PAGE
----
Denial over terrorism investigation privacy
29 July 2005, BRUSSELS — The Antwerp social security office OCMW has denied allegations from the intelligence service VS that it refused to reveal the identity of asylum seekers suspected of drugs or terrorism crimes.
29 July 2005
BRUSSELS — The Antwerp social security office OCMW has denied allegations from the intelligence service VS that it refused to reveal the identity of asylum seekers suspected of drugs or terrorism crimes.
However, the OCMW also qualified its statement and said it would not draw up a list of suspects itself, the cabinet chief of OCMW chairperson Monica Deconinck said, newspaper 'Het Laatste Nieuws' reported.
The federal security service VS had earlier claimed on Friday that the Antwerp public prosecutor was forced to intervene recently in order for the OMCW to release the names of suspects.
The difference of opinion comes after the OCMW warned recently that a group of Afghan and Pakistani asylum seekers on Belgian social security benefits regularly travel back to their country of origin.
The claims raised suspicions the refugees were involved in drug smuggling or linked to terrorism and the Antwerp public prosecution office started an investigation.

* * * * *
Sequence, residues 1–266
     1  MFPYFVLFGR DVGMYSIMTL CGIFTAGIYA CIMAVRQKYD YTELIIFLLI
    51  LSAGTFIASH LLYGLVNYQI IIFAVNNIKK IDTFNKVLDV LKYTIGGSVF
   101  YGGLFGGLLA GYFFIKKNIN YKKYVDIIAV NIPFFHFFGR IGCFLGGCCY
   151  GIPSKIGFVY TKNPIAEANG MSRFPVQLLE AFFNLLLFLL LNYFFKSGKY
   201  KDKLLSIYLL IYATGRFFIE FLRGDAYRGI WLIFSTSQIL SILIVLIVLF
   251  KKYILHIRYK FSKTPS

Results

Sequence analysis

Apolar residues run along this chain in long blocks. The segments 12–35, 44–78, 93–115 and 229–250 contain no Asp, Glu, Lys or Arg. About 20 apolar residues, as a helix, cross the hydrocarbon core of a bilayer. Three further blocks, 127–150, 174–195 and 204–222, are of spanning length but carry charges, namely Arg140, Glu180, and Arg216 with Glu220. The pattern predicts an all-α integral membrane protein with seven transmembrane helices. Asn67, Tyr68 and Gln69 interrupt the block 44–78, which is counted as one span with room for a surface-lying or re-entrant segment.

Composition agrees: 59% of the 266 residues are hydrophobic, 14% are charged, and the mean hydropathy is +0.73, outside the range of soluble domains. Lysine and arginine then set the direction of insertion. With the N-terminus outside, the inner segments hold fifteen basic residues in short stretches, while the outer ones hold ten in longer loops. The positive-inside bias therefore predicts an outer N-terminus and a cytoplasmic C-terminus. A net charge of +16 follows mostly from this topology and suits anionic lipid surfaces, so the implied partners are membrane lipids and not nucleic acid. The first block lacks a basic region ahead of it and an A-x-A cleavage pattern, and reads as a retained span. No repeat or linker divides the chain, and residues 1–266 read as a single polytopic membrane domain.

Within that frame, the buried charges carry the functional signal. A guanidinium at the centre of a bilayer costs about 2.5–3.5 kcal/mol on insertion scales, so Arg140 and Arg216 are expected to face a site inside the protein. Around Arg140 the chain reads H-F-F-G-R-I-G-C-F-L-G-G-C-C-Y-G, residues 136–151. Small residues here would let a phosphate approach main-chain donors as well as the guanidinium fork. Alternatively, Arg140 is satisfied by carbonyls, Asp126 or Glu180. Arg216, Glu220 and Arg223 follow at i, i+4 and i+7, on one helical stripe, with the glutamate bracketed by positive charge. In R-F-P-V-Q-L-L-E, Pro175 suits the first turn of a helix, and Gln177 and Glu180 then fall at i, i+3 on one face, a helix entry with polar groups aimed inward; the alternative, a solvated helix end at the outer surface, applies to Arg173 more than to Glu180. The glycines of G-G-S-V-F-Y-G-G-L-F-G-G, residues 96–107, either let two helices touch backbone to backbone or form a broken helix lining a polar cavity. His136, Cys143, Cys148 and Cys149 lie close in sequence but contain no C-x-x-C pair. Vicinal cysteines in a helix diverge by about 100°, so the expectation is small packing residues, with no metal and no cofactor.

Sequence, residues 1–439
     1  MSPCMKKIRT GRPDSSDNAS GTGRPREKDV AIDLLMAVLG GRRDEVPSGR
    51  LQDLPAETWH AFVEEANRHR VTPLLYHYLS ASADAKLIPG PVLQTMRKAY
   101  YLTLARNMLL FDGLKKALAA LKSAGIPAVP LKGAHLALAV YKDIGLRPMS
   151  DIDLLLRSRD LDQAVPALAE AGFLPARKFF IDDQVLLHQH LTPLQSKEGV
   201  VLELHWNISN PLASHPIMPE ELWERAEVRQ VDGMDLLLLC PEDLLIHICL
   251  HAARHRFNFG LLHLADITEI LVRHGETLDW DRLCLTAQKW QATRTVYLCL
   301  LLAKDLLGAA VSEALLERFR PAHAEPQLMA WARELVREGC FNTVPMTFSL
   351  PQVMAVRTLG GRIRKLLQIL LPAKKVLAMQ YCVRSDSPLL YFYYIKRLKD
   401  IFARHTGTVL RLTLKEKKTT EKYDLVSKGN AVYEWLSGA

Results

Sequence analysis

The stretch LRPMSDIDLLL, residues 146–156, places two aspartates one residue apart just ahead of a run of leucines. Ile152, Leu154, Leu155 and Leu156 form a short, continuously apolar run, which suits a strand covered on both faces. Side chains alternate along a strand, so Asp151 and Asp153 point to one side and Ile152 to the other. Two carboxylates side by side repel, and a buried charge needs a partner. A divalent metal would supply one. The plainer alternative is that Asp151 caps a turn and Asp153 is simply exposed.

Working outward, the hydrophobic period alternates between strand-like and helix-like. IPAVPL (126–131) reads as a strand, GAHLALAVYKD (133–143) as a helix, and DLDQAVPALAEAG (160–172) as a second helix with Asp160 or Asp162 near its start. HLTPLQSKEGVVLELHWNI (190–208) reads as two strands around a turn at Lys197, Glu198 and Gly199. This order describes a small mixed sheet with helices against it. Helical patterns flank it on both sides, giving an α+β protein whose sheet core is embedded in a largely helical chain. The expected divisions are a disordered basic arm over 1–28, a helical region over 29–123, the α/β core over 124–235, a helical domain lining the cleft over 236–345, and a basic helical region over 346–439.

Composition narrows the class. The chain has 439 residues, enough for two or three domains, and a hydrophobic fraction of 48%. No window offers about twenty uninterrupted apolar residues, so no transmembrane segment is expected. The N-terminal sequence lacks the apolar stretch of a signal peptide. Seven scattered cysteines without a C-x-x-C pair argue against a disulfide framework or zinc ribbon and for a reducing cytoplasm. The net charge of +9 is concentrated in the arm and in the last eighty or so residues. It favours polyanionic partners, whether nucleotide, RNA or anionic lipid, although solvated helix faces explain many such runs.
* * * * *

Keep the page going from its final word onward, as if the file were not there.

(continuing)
As part of its tasks to gather intelligence over possible terrorists and extremists, the security service VS was also interested in viewing the dossiers of the asylum seekers under suspicion.
"But the OCMW chairperson insisted that the OCMW may only reveal trends and no names. The OCMW only released the names after the intervention of the public prosecutor," the VS was quoted saying by newspaper 'De Tijd'.
However, OCMW cabinet chief Johan Demuynck said the social security office said the names of suspects have been passed on to various organisations since the alarm was first raised earlier this month.
"We have never used the professional confidentiality and privacy to refuse co-operation. Professional confidentiality also allows an appraisal to be made between the interest of privacy of clients and general interest, for example safety and the investigation of prosecutable crimes," he said.
[Copyright Expatica News 2005]
Subject: Belgian news